Wings of War

Wings of War

Written by Dave Gamble on 9/16/2004 for PC  
More On: Wings of War
It's 1914. Sophisticated, peace-loving Europe is embroiled in another continent wide war. But this war is different. There is a new front, one having no tangible boundaries: the air. The new Knights of the Sky ride in frail wooden kites, and battle with each other over the trenches of France. By edict of the Kaiser, all laws of aerodynamics and physics have been repealed for the duration. While normally delicate, slow, and diffcult to manuever, aircraft of the era suddenly benefit from the new, laxer rules as evidenced by abilities that won't be seen again until much later in the century when jets rule the sky.

Ok, that last part is more demonstrably false that a 60 Minutes expose. The point is, anyone looking at Wings of War to be the latest, greatest WWI flight sim, ala Red Baron, will be sorely disappointed. Wings of War is a console game ported to the PC. There's nothing at all wrong with that. It's actually quite fun. You just need to know right up front that there is far more arcade than simulation here. In fact, if you have any real-world flying experience at all, you would be well served to just check that at the door. It will take you awhile to learn that your airplane can make moves that would blanch even the most daring air show performer. Once you realize that, it will become much easier to compete with the AI pilots.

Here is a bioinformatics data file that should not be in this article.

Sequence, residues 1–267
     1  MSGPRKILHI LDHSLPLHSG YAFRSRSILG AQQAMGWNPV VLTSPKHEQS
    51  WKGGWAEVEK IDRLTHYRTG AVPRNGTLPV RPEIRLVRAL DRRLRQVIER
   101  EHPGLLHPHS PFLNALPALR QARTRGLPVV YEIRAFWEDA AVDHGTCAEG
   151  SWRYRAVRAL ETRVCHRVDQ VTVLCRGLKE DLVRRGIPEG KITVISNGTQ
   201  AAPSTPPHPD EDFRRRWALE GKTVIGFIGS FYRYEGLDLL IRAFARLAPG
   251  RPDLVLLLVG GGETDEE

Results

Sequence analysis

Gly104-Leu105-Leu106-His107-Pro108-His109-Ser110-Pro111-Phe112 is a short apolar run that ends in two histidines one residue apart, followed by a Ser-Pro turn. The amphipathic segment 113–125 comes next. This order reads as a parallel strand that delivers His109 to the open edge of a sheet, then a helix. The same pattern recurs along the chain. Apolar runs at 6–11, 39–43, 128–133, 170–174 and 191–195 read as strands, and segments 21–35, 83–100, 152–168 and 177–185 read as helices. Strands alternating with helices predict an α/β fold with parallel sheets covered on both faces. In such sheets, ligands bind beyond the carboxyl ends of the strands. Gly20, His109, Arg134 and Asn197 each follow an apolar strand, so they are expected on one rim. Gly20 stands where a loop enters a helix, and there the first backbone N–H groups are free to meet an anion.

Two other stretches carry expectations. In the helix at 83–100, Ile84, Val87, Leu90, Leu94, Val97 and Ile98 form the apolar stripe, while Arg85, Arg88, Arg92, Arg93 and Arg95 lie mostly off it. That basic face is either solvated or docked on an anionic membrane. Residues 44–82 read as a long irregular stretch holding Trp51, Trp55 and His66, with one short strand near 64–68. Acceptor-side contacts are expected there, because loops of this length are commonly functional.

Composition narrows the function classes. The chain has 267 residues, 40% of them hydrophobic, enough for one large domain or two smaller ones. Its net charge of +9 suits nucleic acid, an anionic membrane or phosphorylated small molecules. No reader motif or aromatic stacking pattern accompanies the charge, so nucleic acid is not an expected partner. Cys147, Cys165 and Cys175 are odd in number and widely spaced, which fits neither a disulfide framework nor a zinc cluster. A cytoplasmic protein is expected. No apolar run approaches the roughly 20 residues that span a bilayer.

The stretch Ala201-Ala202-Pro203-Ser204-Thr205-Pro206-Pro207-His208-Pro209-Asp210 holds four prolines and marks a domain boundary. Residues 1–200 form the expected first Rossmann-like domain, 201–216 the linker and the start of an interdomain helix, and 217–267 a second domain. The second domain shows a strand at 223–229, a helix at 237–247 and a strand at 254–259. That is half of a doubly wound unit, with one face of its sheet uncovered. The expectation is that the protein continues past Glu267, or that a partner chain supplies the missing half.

Early evidence of the arcade/console aspect is the points system. You score points for shooting down planes, completing objectives, destroying ground targets, and for accomplishing bonus missions. I remain unclear as to the motivation for gathering points, though. They're just like the points in the Drew Carey show: they don't count for anything. Me, I just ignore them. Doing that doesn't detract from the enjoyment of the game at all.

I would categorize Wings of War as Crimson Skies with more realistic looking airplanes. The planes themselves are beautiful, as is the underlying ground scenery. They are also really cool to shoot down. Depending one where you hit them, you may cause them to start trailing smoke in a very believable manner, knock pieces of wing or landing gear off, or blow them completely to pieces. As you shoot one down, the pilot will jump out and try to parachute to safety. They don't always make it, though. It's not uncommon to hear them scream in fear as their parachute is torn by your wing, or destroyed by what I assure you was accidental shooting. It's somewhat macabre to be flying along and hear a downed pilot go screaming by as he plunges towards the unforgiving ground.

One of the coolest things is how many airplanes there are flailing around in huge dog fights. At any time there could be 10 or more planes swirling around shooting at each other, and if you don't keep an eye out, at you. Fortunately, each plane is clearly marked to show friend vs. foe, and whether destroying a particular plane will count towards finishing your objective. In the early missions it can be pretty difficult to shoot them down since you are limited to a single machine gun and the hit area on the enemy planes is fairly small. In later missions you receive rockets and it becomes much easier to knock them down in droves.